2 out of 5
Ratings generally start to dip below the “pretty good!” three outta five range when something about whatever it is (music, book, etc.) prevents me from enjoying it. I’ll try to do some as-impartial-as-possible analysis on whether or not I’m just not interested in the genre or subject matter – for which I really can’t dock something – or if I feel that piece of media is, actually, not a great example of whatever it is. Once that’s established, it’s sort of a sliding scale of how offensive the contents are to determine if something is a onesie or twosie.
The Spider-Verse: Spider-Zero miniseries, headed up by writer Jed MacKay, has the unfortunate taint of coming across as a general makework-style Marvel / DC project: “The kids liked multiple Spider-Man stories, so let’s give ’em another one!” That might be a disservice to MacKay, as it’s always possible he had this idea without that “write more of something popular” motivator, but unfortunately, even from the kickoff issue – which should be grabbing me, as a reader, with some type of hook – the series hardly feels like it has a reason to exist, and that lack is never filled in, up through the conclusion. That was the main hindrance: I felt no enthusiasm towards finishing the story. Doubling down on that is that the somewhat isolated structure of issues 2 – 5 – issue one sets things up, issue six concludes it, and inbetween we get multiversal Spider-Verse stories – can’t really take off to promote solid standalones, because they always have to have a dose of “here’s the over-arching plot” injected that ends up feeling rather unnecessary… because of the whole unnecessity vibe of the project.
So we just finished up some Spider-Verse antics, and then Miles Morales is sucked through a billion dimensions once more (a couple pages of each, with various artists), being summoned by a “Spider-Zero” to fix some vague something or other. When he finally arrives back at the main Spider world, this Spider-Zero – caretaker of the realm – tells him that the web weaver (multiversal May Parker) is missing, and thus the Web of Life is falling apart, and so off to other Spider worlds to a’fix things we must go. This is fine, it’s just kind of the de facto way in to the story, and there’s simply no gravitas to the presentation. The setup is too clearly relying on that whole Spider-Verse fun and its different artistic approaches for its hook, while the concept of Miles Quantum Leaping into each reality to “fix” something has zero page space to be fleshed out; the revelation about May Parker and the Web of Life comes across as a complete afterthought – there are no stakes.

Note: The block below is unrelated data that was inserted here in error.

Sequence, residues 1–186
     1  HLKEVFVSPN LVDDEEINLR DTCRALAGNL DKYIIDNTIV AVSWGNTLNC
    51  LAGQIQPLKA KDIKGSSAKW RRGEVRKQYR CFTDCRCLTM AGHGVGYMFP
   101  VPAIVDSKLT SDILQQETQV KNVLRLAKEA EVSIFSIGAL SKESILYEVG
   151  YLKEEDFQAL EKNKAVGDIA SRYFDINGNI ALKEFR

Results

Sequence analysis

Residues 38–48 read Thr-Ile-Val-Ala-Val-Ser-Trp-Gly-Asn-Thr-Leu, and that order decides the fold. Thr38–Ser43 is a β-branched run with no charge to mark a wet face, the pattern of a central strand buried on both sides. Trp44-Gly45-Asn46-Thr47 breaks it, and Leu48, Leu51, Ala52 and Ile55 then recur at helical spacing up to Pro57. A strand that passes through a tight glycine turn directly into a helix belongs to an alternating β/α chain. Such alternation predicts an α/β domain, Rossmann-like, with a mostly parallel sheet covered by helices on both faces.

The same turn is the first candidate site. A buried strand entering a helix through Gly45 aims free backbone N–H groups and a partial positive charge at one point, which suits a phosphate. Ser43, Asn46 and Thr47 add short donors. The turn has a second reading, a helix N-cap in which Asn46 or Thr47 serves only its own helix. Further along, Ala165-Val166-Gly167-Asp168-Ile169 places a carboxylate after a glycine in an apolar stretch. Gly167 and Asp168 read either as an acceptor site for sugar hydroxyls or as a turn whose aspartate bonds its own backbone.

The inbetween issues featuring Spider Ma’am, SP//dr, Spider Noir and Sherriff Stacy fare much better, but they stutter as soon as the various writers (Ryan North; Tarran Killam; Christos Gage) have to find room for justifiably including Miles, as well as a reason for the story to exist as part of the mini-series in the first place, requiring some narrative back-bending that either further undermines the lack of stakes or just creates situations that don’t necessarily feel “organic” to that particular Spider-Verse. This means that some great artists – Pere Perez, Dike Ruan, Juan Gedeon, Juan Ferreyra – end up being mismatched to the content, with Ruan’s and Ferreyra’s more painterly takes on SP//dr’s and Noir’s worlds probably take the bigger hits. There are definitely fun moments struggling to poke out here and there – Killam’s / Gedeon’s issue is great; North’s / Perez’s is charming, before it back itself into a plotty corner – but again, it all rather comes across as feeling like it’s forced to exist.
The trade includes the user-submitted “Spidersona” illustrations which appeared as backups in each individual issue (some of which also get guest appearances in the final book – that’s pretty cool), and a few alternate covers.